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Topic: Re: FCI and CCI in China #2
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Richard Hake

Posts: 1,251
From: Woodland Hills, CA 91367
Registered: 12/4/04
Re: FCI and CCI in China #2
Posted: Jan 22, 2012 9:41 PM
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Some subscribers to MathEdCC might be interested in a recent
discussion-list post "Re: FCI and CCI in China #2" [Hake (2012)].
The abstract reads:

ABSTRACT: PhysLrnR's Jerry Epstein wrote (paraphrasing): "The
Calculus Concept Inventory (CCI) has been given to about 1000
university students enrolled in a TEACHER-CENTERED calculus course in
Shanghai, China. Their average normalized gains <g> were about
two-standard deviations above those of U.S. university calculus
courses, possibly due to student-organized out-of-class interactive
group work."

Craig Ogilvie responded: "Are there FCI (Force Concept Inventory)
gains reported for a similar group of students/physics courses in
China? It would support your hypothesis if they also showed high
gains for non-IE pedagogy." Here IE = "Interactive Engagement,"
*operationally* defined [Hake (1998a)] as "those designed at least in
part to promote conceptual understanding through the active
engagement of students in heads-on (always) and hands-on (usually)
activities that yield immediate feedback through discussion with
peers and/or instructors."

David Meltzer then pointed to the research of Bao et al. on FCI
pretest scores of Chinese and U.S. freshmen university students
enrolled in science/engineering major courses, whose publication in
the "Science" article "Learning and Scientific Reasoning: Comparisons
of Chinese and U.S. Students" at <> has been
widely publicized.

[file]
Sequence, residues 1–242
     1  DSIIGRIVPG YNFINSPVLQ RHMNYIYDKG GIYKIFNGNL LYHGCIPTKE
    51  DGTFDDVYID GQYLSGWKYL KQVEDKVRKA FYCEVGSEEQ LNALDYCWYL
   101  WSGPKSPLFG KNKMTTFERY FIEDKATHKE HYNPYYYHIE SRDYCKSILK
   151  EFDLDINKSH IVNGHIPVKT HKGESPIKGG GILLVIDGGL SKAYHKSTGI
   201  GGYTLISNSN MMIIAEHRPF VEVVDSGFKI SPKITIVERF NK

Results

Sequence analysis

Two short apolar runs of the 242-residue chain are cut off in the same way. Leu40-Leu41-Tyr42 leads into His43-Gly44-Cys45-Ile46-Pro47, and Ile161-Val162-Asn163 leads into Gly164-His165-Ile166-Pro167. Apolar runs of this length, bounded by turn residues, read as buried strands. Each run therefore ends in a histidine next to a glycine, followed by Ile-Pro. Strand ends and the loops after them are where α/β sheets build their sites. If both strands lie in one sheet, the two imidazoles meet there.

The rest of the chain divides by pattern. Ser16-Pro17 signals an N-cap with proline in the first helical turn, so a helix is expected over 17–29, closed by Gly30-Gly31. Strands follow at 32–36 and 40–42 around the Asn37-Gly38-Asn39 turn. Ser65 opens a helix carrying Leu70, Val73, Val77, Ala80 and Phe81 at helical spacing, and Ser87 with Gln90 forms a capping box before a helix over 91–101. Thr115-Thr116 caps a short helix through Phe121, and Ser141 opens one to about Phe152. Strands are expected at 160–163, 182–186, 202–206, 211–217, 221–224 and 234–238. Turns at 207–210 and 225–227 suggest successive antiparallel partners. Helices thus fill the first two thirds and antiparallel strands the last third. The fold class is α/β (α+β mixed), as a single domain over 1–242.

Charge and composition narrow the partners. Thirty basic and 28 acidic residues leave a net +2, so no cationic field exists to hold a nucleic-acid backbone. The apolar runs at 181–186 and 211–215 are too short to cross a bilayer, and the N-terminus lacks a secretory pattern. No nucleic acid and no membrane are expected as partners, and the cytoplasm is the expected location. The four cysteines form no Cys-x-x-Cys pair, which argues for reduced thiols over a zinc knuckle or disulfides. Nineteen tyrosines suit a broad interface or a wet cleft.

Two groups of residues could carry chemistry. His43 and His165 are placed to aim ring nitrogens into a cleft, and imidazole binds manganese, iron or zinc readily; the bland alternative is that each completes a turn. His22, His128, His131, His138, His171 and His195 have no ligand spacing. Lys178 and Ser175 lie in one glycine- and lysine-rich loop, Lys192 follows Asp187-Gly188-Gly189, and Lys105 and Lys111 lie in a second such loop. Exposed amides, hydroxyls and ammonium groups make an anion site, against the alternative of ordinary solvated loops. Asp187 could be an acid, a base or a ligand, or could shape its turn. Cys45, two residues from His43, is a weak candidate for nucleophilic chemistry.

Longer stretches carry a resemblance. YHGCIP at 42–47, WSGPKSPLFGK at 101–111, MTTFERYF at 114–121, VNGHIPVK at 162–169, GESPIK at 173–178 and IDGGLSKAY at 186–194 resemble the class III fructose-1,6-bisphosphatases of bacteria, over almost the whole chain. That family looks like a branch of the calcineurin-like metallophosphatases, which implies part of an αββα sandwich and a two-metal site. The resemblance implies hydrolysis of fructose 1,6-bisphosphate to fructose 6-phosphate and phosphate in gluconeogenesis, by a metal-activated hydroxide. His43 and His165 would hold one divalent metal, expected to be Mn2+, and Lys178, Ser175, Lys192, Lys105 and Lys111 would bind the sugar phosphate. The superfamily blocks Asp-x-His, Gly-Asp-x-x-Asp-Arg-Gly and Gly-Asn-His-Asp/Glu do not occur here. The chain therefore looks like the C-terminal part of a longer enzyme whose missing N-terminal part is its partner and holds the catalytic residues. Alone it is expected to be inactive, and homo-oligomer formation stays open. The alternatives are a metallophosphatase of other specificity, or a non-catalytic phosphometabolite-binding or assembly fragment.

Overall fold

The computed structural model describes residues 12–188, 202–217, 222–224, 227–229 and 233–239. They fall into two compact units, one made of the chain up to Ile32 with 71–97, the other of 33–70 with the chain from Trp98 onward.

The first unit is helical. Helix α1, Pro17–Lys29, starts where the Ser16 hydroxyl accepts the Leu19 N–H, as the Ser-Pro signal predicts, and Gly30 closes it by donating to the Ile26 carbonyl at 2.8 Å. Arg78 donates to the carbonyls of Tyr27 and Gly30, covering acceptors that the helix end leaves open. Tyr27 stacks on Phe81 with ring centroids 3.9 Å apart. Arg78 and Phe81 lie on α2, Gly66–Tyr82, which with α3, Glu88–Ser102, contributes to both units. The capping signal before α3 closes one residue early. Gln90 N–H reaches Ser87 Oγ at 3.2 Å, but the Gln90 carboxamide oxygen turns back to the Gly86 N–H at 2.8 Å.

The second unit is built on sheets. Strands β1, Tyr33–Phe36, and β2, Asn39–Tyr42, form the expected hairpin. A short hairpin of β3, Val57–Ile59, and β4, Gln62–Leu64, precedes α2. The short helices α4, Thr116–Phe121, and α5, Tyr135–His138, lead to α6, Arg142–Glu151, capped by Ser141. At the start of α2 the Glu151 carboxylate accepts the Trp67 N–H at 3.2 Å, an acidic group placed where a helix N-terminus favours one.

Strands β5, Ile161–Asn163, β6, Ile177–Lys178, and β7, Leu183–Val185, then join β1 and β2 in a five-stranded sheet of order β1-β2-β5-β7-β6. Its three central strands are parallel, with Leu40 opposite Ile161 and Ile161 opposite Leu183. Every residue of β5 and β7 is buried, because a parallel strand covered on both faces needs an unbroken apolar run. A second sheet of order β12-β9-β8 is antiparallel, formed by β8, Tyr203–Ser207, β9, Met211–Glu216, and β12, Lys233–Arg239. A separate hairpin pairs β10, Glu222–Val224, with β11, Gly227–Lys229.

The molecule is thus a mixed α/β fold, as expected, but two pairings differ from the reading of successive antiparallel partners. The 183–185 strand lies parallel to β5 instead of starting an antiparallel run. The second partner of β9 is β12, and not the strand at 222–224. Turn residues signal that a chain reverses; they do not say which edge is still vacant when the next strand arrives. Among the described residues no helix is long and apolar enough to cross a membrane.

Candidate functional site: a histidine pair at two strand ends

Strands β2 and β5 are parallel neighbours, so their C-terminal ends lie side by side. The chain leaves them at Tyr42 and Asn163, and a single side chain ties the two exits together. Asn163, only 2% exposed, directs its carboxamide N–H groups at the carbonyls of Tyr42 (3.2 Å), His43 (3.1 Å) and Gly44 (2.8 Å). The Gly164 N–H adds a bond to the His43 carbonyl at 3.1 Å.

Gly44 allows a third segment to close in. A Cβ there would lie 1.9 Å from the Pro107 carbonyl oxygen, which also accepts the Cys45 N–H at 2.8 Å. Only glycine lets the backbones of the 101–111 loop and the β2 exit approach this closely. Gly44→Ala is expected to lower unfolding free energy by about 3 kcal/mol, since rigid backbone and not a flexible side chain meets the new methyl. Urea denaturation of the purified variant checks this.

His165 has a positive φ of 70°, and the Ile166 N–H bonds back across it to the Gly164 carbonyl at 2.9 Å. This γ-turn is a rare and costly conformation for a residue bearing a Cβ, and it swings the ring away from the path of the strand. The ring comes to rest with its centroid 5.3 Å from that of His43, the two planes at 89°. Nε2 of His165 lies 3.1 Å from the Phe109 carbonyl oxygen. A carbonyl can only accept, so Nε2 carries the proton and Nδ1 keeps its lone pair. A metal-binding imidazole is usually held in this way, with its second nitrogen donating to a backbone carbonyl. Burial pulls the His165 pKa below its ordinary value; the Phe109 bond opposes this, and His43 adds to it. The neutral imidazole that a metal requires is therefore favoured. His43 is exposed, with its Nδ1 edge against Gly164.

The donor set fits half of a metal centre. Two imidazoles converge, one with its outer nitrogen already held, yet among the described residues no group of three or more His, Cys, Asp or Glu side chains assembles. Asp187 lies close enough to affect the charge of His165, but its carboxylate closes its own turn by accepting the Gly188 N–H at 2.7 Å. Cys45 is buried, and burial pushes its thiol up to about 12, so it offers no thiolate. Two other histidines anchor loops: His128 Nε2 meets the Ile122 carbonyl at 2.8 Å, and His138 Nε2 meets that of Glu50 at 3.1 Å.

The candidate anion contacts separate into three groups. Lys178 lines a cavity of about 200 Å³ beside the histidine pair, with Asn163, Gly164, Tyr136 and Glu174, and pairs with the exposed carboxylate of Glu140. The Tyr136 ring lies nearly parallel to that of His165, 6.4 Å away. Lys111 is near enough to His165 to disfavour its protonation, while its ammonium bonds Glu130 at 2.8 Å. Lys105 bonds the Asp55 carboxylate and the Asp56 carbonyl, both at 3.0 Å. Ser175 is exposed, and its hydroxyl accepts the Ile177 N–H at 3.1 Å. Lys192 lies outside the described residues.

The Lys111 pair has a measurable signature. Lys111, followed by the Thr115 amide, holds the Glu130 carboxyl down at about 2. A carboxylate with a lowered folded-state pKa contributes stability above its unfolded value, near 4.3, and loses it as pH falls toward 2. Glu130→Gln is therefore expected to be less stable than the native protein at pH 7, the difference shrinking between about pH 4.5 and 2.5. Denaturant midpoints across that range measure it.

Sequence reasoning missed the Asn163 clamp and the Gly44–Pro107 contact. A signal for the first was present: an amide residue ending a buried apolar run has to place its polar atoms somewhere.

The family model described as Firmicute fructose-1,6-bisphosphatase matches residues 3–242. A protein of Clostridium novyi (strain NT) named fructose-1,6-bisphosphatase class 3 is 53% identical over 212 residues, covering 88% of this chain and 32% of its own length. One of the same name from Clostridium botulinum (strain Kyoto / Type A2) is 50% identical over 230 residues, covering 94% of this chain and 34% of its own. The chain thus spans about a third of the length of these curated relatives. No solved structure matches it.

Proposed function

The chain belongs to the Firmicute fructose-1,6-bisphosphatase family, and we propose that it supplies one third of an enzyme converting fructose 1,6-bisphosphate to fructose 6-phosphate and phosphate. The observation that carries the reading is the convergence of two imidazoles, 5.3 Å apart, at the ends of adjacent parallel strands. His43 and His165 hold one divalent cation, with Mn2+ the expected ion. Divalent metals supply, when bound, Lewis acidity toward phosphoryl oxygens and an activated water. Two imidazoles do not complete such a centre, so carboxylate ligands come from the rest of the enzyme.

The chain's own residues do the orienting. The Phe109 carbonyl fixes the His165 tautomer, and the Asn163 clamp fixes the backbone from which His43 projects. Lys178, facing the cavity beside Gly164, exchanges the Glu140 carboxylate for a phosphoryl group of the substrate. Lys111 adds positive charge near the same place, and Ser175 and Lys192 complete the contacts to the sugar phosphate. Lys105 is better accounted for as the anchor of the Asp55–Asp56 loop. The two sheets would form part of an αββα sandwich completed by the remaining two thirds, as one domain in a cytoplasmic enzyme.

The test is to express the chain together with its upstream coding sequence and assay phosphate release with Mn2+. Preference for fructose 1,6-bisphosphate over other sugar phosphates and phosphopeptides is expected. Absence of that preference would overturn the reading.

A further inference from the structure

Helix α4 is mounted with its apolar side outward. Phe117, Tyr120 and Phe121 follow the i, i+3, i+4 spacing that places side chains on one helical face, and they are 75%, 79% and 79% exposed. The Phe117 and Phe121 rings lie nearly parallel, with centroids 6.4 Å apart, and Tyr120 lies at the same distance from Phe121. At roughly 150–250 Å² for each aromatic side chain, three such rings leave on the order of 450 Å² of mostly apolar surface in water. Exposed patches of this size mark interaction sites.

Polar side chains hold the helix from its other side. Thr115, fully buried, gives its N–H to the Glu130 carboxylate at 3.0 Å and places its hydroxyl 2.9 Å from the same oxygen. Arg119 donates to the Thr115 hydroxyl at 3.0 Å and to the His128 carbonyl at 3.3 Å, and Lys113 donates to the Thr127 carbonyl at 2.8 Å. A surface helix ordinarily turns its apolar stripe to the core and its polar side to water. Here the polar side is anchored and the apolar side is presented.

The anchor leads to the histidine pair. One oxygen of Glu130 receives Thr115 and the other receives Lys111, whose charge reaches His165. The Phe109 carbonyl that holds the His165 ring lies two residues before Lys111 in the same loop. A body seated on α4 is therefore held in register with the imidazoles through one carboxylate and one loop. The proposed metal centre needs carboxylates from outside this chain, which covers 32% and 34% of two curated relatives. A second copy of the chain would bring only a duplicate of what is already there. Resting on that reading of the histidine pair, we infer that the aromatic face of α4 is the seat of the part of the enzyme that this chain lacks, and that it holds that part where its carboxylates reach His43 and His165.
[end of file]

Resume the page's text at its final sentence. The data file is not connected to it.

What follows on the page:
Although Bao et al. measured only pretest scores (not pre-to-posttest
gains) for Chinese freshmen university students enrolled in
science/engineering major courses, they pointed out that those
students had taken "algebra-based courses with emphasis on
development of conceptual understanding and skills needed to solve
problems" for FIVE YEARS in grades 8-12, whereas the U.S. students
had taken at most ONE YEAR of physics.

That suggests that the Chinese K-12 math curriculum might also be
more intensive than that in the U.S. IF that's the case then it
might help to explain the relatively high CCI gains for non-IE
pedagogy, irrespective of possible student-organized out-of-class
interactive group work.

To access the complete 16 kB post please click on <>

Richard Hake, Emeritus Professor of Physics, Indiana University
Honorary Member, Curmudgeon Lodge of Deventer, The Netherlands
President, PEdants for Definitive Academic References which Recognize the
Invention of the Internet (PEDARRII)

REFERENCES [URL shortened by <> and accessed on 22 Jan 2012.]
Hake, R.R. 2012. "Re: FCI and CCI in China #2 online on the OPEN!
AERA-L archives at <>. Post of 22 Jan 2012
16:27:43-0800 to AERA-L and Net-Gold. The abstract and link to the
complete post are being transmitted to several discussion lists and
are also on my blog "Hake'sEdStuff" at <> with a
provision for comments.

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